This is how her biography on her personal site starts. A poor site with not much information on which i stumbled because i was looking for more information on Hellen van Meene. However there is one highlight on the site which is available. The page with the photographs shows exactly why i think van Meene is important.

http://hellenvanmeene.com/photos

The use of the square format and mofre the way light is used in an almost “GOLDEN AGE”like way make these beautiful little portraits.

 

http://www.ftn-books.com has one tilte by van Meene available.

The Fotomuseum gives better info on van Meene than her own site so here is the text the Fotomuseum published on their pages:

For the last 20 years, Hellen van Meene (b. 1972) has ranked among the world’s top photographers. Her highly distinctive style and timeless, intimate images of young girls on the brink of adulthood have attracted international acclaim. Solo shows and group exhibitions have won her admirers in places as far away as Japan, Korea and the US. The Hague Museum of Photography now presents the first ever major retrospective of her entire oeuvre.

Hellen van Meene career took off in a big way immediately after her graduation from the Rietveld Academie (Amsterdam) in 1996. Following various group exhibitions and a solo show at the Paul Andriesse gallery in Amsterdam, her international breakthrough came with a solo exhibition at the Photographers’ Gallery in London. Since then, her work has been acquired by major museums in the Netherlands and around the world. Collections in which it can now be found include those of the Gemeentemuseum Den Haag, Victoria & Albert Museum (London) and MoMA (New York).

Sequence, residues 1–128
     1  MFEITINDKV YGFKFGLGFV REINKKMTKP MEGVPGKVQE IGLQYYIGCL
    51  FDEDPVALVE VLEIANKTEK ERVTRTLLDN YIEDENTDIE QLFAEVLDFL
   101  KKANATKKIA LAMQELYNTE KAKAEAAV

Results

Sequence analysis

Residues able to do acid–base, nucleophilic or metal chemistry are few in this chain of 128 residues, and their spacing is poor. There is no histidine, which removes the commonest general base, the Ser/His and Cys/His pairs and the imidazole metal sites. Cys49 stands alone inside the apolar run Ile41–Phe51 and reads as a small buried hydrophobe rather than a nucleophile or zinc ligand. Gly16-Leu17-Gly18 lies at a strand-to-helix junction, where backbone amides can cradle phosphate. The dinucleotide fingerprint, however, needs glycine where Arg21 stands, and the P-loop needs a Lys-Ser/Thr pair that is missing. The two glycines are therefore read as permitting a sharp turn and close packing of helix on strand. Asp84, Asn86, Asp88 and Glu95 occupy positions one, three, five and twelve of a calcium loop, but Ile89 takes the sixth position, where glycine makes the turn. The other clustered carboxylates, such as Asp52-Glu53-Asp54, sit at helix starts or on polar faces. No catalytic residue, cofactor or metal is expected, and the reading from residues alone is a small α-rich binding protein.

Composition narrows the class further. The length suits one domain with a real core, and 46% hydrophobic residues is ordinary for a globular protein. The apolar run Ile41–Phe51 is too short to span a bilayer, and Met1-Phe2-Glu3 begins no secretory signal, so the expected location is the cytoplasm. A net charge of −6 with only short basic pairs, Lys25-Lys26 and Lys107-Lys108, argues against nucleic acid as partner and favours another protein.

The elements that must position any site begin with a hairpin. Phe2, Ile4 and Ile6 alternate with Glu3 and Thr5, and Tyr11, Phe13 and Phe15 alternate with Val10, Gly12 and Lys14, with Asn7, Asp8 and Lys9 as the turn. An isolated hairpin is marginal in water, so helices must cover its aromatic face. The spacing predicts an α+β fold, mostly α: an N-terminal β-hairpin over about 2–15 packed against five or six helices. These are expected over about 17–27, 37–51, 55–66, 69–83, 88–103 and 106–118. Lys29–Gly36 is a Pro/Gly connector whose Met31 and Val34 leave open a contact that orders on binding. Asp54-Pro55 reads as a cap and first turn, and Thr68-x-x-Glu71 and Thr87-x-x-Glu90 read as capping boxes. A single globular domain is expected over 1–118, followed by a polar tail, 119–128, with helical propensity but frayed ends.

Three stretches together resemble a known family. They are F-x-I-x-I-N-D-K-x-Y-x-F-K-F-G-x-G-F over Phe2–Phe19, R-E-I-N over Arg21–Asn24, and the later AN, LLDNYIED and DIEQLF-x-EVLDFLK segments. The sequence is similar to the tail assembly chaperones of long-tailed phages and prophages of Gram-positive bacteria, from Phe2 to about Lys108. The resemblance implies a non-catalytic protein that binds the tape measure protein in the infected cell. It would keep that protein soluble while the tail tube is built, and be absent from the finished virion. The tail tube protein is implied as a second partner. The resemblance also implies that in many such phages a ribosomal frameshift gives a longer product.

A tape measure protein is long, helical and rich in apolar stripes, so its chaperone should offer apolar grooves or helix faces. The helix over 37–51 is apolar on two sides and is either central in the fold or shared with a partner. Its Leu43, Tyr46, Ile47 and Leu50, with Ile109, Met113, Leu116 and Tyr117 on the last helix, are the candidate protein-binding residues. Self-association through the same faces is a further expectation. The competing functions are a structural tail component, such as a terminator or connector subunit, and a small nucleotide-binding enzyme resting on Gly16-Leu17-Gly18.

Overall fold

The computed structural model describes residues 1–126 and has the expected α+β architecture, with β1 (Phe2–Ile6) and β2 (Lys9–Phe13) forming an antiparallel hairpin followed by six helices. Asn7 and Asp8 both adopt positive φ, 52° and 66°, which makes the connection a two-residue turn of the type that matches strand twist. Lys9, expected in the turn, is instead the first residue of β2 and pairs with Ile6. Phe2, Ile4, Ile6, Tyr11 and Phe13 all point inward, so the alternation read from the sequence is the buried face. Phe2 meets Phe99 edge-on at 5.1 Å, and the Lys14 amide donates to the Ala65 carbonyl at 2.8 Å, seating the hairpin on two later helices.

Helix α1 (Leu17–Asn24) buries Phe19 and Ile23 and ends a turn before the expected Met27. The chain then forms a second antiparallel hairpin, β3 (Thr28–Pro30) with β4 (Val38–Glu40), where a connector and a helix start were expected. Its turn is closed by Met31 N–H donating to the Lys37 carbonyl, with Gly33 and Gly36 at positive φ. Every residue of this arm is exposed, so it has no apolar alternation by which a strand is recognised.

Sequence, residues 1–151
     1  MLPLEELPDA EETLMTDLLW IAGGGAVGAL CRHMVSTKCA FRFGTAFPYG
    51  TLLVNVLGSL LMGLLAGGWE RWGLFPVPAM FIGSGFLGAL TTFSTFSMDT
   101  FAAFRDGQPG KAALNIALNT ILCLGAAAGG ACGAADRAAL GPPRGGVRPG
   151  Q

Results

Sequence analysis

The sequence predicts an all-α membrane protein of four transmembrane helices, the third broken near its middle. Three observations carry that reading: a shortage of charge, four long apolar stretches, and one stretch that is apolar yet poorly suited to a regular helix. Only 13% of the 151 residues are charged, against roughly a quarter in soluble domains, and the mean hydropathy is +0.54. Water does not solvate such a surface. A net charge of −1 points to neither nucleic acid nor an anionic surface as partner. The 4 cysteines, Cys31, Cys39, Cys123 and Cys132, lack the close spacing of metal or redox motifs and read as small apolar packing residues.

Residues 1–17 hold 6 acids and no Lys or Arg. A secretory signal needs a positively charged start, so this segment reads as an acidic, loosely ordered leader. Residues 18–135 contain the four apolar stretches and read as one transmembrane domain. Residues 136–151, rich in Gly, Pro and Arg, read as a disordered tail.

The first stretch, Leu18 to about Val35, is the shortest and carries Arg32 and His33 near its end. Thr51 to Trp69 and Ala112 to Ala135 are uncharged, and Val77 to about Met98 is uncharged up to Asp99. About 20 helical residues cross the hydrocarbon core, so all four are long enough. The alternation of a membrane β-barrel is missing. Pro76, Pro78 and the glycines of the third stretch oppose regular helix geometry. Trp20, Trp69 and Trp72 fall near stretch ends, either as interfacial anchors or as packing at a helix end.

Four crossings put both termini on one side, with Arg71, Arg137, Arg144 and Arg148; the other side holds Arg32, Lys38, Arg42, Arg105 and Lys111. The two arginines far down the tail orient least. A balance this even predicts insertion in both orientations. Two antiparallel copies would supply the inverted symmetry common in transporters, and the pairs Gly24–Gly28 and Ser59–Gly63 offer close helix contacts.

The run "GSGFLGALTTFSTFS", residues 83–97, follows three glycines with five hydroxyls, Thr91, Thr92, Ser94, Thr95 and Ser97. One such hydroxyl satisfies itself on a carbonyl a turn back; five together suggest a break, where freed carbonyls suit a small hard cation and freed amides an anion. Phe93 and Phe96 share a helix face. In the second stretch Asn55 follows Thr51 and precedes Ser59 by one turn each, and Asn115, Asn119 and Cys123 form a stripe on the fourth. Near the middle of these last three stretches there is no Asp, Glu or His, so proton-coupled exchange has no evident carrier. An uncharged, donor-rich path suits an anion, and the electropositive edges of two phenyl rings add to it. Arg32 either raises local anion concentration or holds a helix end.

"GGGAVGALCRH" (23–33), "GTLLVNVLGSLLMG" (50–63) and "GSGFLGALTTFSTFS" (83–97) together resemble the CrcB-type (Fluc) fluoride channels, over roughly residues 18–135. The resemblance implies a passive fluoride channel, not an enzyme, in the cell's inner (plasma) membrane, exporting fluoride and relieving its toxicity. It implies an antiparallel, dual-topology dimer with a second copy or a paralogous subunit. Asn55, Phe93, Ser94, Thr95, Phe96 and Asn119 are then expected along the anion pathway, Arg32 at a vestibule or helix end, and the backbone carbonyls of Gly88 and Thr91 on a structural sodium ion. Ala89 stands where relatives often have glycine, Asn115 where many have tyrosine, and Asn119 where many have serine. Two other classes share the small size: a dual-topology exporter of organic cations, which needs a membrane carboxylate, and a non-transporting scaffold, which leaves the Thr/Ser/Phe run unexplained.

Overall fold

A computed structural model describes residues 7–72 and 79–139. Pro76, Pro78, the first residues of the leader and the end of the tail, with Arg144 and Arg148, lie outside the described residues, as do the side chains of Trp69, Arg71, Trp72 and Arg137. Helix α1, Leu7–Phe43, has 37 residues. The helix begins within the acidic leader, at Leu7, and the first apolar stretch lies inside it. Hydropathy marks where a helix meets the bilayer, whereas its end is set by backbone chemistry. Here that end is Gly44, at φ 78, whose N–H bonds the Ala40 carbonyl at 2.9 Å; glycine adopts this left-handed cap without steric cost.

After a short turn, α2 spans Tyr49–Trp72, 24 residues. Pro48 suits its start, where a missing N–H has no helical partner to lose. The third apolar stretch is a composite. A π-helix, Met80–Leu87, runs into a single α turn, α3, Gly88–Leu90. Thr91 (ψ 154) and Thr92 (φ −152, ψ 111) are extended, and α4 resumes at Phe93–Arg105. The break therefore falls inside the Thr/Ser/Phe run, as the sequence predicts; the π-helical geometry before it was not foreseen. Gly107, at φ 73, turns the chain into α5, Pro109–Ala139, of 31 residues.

Although Van Meene has continued to develop and her choice of subject has widened over the past twenty years, her work has always displayed the same consistent and distinctive personal style. Whatever the nature of her photographs – whether autonomous art works, images commissioned by the New York Times or Tank Magazine, portraits of young girls in Tokyo or Los Angeles, or portraits of dogs – each of them is always and unmistakeably ‘a Hellen van Meene’.